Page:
YOU CAN MAKE IT if you only try.
Those eight words have been Adrian Clarke’s mantra for as long as he can remember, and though he has not always been fruitful at all his attempts, he believes that simply attempting anything is the key to success.
He attributes this way of thinking for his successes within the music industry to date.
“I don’t think I ever really made up in my mind that I wanted to be a superstar of any kind. I just made up my mind that I wanted to sing. At Society Primary I was the biscuit tin player, but I was always about singing and music. Music has always been a part of me,” he said.
He had the opportunity to tour with the now defunct band Coalishun, and Clarke attributes those experiences to the entertainer he is today.
“Being able to sing for people all over the world has been nothing short of phenomenal. There is just something about a live band and being able to belt out music, and meeting new people and trying new genres of music . . .,” he said, trailing off.
And as far as he is concerned, there is absolutely no reason to attend a show where the performers are not accompanied by a live band.
“I often don’t feel to go to events these days because there is a lack of live bands at most venues. I am not a fan of CDs, computers and flash drives, and certainly am not a fan of karaoke-style music in the least,” he said matter-of-factly.
While the husband and father of three hails quite a number of musicians for their influences on his musical career, he has adopted a lot of their character traits over the years to perfect his own talent and mould himself into the artiste he has become.
“My favourite entertainers of all time are Stevie Wonder and Michael Jackson who have influenced my work vocally all with the melodies and such like. But locally I have had inspiration in the form of John King and The Mighty Gabby. Then out of Trinidad there has been Baron, Sugar Aloes, Tambu, Sparrow and the list goes on.
“I just like to be able to pick something from here, and pick something from there, put it all together and what you get is me; AC,” he said, grinning from ear to ear.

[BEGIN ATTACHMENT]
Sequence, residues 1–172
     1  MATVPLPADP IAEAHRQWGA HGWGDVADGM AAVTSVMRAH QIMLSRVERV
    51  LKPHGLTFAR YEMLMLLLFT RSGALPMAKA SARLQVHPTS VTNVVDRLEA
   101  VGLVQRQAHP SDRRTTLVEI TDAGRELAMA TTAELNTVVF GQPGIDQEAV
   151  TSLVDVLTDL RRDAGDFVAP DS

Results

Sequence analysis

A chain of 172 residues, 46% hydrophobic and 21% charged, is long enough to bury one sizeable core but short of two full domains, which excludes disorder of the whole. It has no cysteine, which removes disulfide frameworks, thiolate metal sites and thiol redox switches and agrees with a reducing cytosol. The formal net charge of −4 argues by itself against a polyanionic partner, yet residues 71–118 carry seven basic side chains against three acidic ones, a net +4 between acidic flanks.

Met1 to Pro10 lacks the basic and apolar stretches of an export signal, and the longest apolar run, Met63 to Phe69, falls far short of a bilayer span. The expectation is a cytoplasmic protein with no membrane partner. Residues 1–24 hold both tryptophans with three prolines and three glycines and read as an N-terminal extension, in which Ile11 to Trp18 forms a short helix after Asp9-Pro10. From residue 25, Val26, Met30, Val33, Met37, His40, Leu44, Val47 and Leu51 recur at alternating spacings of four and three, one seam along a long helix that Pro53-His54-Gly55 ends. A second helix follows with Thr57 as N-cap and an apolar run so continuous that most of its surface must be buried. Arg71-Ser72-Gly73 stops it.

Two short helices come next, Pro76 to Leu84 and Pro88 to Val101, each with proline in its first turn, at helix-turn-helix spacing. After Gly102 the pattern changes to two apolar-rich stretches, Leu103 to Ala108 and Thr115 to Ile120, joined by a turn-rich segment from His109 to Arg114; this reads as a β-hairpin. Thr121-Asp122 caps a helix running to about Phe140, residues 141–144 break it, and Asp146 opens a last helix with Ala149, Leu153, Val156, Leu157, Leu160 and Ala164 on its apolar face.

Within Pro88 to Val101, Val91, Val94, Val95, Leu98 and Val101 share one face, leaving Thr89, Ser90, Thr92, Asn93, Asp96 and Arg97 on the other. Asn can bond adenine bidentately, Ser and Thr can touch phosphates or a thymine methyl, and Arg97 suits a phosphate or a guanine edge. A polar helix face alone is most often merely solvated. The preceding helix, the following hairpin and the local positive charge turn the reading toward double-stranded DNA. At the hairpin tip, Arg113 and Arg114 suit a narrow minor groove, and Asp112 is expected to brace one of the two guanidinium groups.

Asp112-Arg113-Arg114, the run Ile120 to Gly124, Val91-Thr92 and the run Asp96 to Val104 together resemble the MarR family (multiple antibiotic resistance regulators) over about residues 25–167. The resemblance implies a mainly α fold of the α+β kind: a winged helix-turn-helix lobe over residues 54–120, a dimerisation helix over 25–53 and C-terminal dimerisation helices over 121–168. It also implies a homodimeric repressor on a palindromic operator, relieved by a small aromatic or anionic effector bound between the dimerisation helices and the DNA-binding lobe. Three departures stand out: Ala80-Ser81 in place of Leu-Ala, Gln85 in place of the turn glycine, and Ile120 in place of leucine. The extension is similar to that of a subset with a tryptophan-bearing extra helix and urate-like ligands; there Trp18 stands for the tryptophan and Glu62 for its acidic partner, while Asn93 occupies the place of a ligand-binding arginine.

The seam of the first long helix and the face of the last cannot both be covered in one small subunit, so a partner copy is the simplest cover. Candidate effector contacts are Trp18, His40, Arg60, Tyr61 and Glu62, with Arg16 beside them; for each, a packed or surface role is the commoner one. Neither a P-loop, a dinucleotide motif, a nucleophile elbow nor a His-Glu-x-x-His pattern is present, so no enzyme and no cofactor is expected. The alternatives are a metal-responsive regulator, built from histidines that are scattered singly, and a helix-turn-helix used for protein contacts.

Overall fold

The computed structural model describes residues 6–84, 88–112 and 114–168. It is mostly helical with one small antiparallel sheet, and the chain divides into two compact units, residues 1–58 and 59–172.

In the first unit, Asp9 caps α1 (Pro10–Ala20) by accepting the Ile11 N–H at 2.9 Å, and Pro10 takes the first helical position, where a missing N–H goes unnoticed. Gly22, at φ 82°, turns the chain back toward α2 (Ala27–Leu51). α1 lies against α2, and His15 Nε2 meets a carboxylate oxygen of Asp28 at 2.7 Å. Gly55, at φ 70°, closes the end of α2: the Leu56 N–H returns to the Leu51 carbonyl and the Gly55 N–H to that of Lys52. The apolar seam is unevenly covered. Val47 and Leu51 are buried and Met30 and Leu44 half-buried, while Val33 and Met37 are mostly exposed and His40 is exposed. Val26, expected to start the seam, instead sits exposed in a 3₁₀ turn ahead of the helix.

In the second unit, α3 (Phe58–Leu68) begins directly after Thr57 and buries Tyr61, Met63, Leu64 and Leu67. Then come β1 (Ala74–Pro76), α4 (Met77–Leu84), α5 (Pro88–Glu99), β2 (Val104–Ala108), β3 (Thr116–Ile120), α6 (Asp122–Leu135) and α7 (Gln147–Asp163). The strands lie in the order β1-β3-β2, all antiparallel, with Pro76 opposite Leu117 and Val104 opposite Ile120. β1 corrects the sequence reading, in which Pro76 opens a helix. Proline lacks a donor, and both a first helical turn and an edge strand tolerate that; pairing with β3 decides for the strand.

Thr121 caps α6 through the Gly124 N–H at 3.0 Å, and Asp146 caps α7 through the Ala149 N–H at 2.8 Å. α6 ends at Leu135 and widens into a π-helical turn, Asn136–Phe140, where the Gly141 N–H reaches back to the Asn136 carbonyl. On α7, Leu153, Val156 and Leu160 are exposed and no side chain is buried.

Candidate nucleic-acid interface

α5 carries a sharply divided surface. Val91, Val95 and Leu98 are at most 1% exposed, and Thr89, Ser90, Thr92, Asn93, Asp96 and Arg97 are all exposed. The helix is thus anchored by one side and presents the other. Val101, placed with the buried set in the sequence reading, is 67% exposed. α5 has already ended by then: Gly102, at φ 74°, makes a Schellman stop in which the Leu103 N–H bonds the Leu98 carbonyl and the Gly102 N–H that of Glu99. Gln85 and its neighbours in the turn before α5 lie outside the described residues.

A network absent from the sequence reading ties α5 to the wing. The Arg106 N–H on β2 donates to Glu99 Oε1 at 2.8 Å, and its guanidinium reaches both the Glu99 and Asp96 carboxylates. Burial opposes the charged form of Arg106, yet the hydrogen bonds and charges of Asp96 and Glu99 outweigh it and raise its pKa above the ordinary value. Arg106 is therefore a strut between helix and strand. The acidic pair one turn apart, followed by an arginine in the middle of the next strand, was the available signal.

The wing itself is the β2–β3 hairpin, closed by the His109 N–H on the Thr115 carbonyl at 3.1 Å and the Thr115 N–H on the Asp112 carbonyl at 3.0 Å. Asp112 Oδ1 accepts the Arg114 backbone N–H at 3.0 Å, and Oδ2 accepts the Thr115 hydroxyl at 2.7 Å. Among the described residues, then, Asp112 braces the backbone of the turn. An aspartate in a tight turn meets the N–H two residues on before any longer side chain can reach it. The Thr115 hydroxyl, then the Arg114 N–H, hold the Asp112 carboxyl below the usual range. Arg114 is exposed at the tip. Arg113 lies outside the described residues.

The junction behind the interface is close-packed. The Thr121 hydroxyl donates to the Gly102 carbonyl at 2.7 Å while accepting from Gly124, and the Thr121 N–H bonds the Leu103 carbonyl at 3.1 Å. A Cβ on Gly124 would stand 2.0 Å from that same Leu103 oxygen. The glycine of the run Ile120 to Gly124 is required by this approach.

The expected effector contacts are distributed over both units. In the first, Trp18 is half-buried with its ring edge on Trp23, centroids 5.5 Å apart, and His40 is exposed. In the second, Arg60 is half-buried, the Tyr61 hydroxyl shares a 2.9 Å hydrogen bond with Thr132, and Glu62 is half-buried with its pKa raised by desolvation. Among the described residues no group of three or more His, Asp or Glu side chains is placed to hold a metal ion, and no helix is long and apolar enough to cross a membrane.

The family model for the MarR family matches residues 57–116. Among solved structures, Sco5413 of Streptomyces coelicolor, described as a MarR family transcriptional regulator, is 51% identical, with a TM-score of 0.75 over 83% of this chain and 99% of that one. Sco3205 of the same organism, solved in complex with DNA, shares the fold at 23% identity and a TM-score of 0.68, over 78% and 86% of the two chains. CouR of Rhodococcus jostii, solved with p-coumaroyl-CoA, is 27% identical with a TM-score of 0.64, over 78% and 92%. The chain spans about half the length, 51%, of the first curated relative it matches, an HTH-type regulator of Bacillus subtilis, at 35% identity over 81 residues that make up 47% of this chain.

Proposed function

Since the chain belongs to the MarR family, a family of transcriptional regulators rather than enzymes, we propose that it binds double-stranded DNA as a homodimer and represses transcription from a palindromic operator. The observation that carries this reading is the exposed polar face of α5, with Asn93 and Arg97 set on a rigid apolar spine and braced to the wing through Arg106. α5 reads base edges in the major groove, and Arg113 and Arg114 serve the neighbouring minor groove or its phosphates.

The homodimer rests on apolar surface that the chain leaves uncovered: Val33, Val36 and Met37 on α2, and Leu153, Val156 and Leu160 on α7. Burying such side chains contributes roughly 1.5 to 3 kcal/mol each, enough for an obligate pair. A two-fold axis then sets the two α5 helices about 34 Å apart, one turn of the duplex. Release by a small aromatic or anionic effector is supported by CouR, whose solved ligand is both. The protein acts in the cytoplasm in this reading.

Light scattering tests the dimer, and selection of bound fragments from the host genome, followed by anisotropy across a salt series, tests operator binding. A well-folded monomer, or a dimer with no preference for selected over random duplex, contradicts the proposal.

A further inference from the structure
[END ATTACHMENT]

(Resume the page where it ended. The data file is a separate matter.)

Known for his signature song Nice Time, Clarke said he appreciated people who could sing and those who showed the talent but might need some direction in honing their skill.
“To this day I have a lot of time for singers. No disrespect to the chanters, but my time is for the crooners, the ones who can belt a song. I am very elated about my daughter; she has a voice that only a father can give her,” he said, beaming proudly.
The sales, marketing and operations manager at Pilot Management Services Limited admitted that outside of work, he had very little time for anything else.
“Right now it’s all about work. When I’m not at work I’m usually performing somewhere. I do try to relax by watching some football or taking care of my two dogs, Zeus and Hercules, or cooking which I have found to be relaxing, but I really don’t have much time for anything else,” he said.
“Clarkarotti”, as he is fondly called by some of his peers in the music industry, disclosed that he had big plans for later in the year.
“I have an idea of a show I would love to do, but I don’t want to let it out of the bag yet. I think it would go down quite well with the Barbadian fans from the 90s and so on. And it’s not just me, it’s me and others, so I’m looking to see what could be mustered as far as putting the idea together and then finding sponsors to get things done. But for now it’s a thought and an idea which I am working on,” he added.
Asked how hard it was for him as an artiste to please his fans, he said that a Barbadian audience was indeed one of the hardest to please.
“Bajan audiences are the toughest audience to please. A Bajan audience will stop, fold their arms and watch you, and you better perform for their money. I have seen some very good artistes in Barbados get booed or the stone face. But when these very artistes go outside and do sometimes less, they mesmerise people. I have sung in China and there was nothing much I had to do to please them. I have been very fortunate so far that I have never been booed or had anything thrown at me, and I hope it never happens,” he said.
But the discriminating tastes of home audience should not deter anyone from achieving their goal of becoming an entertainer.
“Anybody thinking of getting into entertainment I say to them expect to do a lot of hard work. It’s not something you can wake up one morning and decide you’re just gonna go into it and it happens. Don’t expect that things would just fall into place. The industry is huge. You think you’re good, there is always someone better than you. And the same things you’re going after, there is someone else going after it,” he explained.
“The better person is the one who reaches the pinnacle, so strive for it. You won’t always reach the point of a Rihanna, even in soca you may not reach the pinnacle of a Machel or RPB, but the thing is to feel good about what you are doing.
“They say the sky is the limit, I say aim a little further, so if you fall short, at the very least you will drop in the sky and that’s still good enough,” the veteran entertainer advised. (RA)